Airbnb offers for Top places to see in Cambodia
Located within the Royal Palace compound in Phnom Penh, the Silver Pagoda houses many national treasures such as gold and jeweled Buddha statues. Most notable is a small 17th century baccarat crystal Buddha (the Emerald Buddha of Cambodia) and a life-sized gold Maitreya Buddha decorated with 9584 diamonds. The internal wall of the Silver Pagoda courtyard is decorated with a richly colored and detailed mural of the Ramayana myth, painted in 1903-04 by 40 Khmer artists.
Angkor Wat Archaeological Park
Home to world-famous Angkor Wat, this UNESCO heritage site stretches across more than 400 kilometers squared and contains hundreds of temples and structures dating back to the Khmer Empire era. The most popular are Angkor Wat, Bayon and its multiple faces and root-riddled Ta Prohm, which was the location for parts of Lara Croft: Tomb Raider, starring Angelina Jolie.
Bamboo Train, Battambang
Rumors have been circulating for the last few years about the famed bamboo train’s demise. However, it was recently confirmed it will be rebuilt to pave way for a train line. This unique trip sees passengers transported seven kilometers on a bamboo train, or norry, which is a wooden frame connected to an engine. Hitting speeds of 15 kilometers per hour, this is a fun way to watch the scenery whizz by. Looking for Siem Reap Airbnb?
The temples of Angkor Wat may gain all the glory, but Prasat Preah Vihear wins the prize for the most dramatic location. Sitting atop the Dangrek Mountains, on an escarpment with dizzying views across the Cambodian floodplains, Prasat Preah Vihear is a monumental temple complex of intricately carved pavilions linked by long causeways, built originally to honor the god Shiva.
The temple is snug against the border with Thailand and has historically been a point of contention between the two nations, who both claim it as their own. The International Court of Justice ruled in Cambodia’s favor in 2013, which led to border disputes flaring up between 2008 and 2011. Tensions have dissipated in the last few years, meaning this UNESCO World Heritage Site can now reclaim its rightful role on the tourist trail. Access is from Sra Em, although most visitors come on a day trip from Siem Reap (200 kilometers south).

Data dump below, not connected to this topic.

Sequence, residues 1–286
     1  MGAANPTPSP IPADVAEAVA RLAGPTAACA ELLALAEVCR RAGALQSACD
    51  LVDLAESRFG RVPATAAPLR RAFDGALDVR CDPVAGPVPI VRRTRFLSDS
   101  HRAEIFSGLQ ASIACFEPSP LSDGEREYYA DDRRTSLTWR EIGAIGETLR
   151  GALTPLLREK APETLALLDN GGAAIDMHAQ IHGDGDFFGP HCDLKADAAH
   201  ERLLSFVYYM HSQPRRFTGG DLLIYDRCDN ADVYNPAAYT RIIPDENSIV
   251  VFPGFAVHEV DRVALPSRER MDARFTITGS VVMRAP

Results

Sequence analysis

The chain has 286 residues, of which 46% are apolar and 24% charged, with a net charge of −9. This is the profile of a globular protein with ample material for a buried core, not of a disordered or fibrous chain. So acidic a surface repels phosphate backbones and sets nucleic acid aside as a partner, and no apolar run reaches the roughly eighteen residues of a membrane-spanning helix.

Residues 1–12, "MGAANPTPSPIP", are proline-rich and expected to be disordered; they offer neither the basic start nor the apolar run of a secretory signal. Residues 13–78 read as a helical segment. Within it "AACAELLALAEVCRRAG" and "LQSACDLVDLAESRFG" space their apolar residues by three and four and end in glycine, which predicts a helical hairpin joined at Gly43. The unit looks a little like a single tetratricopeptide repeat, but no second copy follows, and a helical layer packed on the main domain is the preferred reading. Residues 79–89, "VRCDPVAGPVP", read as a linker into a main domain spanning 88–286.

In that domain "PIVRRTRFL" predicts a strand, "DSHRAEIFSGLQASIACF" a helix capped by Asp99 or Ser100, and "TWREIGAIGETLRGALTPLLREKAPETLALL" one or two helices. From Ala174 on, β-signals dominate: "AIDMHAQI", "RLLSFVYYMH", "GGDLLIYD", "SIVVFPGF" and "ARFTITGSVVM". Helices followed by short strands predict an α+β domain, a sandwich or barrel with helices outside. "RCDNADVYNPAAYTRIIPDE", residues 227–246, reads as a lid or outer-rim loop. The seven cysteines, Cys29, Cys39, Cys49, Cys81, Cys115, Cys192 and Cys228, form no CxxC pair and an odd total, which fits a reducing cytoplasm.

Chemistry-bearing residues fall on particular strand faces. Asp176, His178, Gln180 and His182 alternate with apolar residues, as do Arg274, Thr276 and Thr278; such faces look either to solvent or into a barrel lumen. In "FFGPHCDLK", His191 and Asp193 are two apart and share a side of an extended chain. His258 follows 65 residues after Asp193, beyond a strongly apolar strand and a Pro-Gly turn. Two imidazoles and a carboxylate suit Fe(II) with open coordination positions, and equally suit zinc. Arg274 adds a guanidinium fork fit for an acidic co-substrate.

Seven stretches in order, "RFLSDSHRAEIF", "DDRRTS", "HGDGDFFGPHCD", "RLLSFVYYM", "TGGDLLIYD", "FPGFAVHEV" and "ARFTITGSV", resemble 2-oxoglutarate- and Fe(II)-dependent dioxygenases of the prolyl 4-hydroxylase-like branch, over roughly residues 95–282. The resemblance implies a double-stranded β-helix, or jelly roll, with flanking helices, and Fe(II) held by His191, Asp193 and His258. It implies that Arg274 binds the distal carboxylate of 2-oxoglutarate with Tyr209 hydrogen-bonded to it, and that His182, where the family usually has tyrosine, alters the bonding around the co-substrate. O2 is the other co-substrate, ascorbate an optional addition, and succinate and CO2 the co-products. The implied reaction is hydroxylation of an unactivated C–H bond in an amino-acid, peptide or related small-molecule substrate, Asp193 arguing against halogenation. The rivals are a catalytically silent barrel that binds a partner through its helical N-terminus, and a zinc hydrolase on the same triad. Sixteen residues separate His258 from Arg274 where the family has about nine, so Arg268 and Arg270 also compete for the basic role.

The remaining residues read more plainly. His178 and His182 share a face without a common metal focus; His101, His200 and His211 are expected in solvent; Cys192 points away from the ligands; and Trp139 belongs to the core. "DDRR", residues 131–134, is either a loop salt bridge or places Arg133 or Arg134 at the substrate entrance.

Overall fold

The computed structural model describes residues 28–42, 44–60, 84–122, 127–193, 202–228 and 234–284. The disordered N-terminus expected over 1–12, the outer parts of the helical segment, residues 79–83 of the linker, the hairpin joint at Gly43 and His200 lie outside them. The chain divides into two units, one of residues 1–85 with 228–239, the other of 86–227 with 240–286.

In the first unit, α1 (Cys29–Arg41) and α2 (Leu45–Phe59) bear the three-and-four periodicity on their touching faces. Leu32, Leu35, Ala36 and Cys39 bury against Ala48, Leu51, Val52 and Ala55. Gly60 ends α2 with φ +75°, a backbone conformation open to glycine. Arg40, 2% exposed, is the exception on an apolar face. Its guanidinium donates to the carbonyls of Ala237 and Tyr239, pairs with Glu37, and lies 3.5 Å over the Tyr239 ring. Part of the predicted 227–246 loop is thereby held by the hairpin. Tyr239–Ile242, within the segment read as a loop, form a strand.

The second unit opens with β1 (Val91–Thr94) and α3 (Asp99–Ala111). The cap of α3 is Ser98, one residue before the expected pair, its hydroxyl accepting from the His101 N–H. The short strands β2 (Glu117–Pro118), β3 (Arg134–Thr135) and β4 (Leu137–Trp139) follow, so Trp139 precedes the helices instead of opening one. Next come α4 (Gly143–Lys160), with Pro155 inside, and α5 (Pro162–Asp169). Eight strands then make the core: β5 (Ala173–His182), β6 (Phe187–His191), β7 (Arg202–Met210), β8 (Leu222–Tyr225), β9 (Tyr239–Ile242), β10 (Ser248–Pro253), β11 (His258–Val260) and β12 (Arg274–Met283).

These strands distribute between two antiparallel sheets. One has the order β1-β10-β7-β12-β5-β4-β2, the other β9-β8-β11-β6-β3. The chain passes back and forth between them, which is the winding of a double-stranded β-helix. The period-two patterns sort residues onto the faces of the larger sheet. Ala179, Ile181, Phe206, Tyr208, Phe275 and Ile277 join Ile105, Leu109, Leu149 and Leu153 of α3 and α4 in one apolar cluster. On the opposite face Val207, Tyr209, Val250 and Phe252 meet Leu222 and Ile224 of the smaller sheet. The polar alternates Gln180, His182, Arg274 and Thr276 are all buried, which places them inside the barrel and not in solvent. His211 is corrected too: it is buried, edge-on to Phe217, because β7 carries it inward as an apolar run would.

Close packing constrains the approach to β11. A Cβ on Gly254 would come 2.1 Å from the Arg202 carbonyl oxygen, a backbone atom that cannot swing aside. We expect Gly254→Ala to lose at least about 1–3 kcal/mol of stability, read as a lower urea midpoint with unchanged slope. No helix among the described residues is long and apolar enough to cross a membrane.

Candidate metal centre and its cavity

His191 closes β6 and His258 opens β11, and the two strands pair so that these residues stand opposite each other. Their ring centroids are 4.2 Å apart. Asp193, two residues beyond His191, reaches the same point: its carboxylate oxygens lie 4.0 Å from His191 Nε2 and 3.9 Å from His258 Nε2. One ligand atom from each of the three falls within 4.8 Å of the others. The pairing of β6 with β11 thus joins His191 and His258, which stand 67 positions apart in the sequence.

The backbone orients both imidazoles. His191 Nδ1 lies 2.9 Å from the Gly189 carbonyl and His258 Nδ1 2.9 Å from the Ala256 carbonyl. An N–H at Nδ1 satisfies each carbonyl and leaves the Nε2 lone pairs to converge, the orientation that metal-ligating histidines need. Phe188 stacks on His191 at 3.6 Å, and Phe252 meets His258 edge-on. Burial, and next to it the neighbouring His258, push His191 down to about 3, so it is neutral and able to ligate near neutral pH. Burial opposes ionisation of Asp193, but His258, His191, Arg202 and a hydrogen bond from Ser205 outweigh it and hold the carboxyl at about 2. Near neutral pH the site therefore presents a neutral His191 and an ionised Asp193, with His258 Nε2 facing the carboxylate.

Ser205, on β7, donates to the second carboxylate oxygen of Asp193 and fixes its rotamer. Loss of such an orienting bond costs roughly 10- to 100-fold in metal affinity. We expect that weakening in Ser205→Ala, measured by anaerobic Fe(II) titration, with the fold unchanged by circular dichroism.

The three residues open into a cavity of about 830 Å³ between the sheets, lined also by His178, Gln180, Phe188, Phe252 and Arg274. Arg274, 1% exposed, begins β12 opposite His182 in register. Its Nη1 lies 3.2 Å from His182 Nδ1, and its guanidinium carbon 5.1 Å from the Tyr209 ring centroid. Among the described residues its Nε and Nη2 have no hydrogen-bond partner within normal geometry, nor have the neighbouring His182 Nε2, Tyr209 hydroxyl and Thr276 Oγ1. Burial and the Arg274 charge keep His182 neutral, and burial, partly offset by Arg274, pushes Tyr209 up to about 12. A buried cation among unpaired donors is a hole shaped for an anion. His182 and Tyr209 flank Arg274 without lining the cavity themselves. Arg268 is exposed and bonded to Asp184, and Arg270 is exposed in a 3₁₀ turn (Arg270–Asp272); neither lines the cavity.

Tonle Sap is Cambodia’s most important waterway and Southeast Asia’s largest freshwater lake. As well as being an important source of food and a vital tool for Cambodian irrigation, the lake itself is home to 170 floating villages that depend on fishing for their livelihood, with homes built directly on the water. The houses, shops, churches, schools, and temples of these villages are built on rustic buoy foundations of lashed together barrels and bamboo, and all transport is by boat. They’re a fascinating place to spend a day exploring. One of the most interesting is the sprawling village of Kompong Luong, near the town of Pursat on Tonle Sap’s western shore, although the most popular village to visit is Chong Kneas near Siem Reap.
For a touch of Indiana Jones-style temple exploring, you can’t beat Banteay Chhmar. This mammoth temple complex sits consumed by surrounding jungle in Cambodia’s lonely northwest, providing the perfect opportunity to discover the highlights without the crowds. It was built by the 12th-century Angkorian king Jayavarman VII, and the remarkable stone reliefs along its walls are some of the most intricately detailed you’ll see in the country. In particular, the spectacular bas reliefs depicting Avalokitesvara on the south wall and the dizzying array of battle scenes depicted on the eastern walls are prime examples of the Angkorian era’s artistry.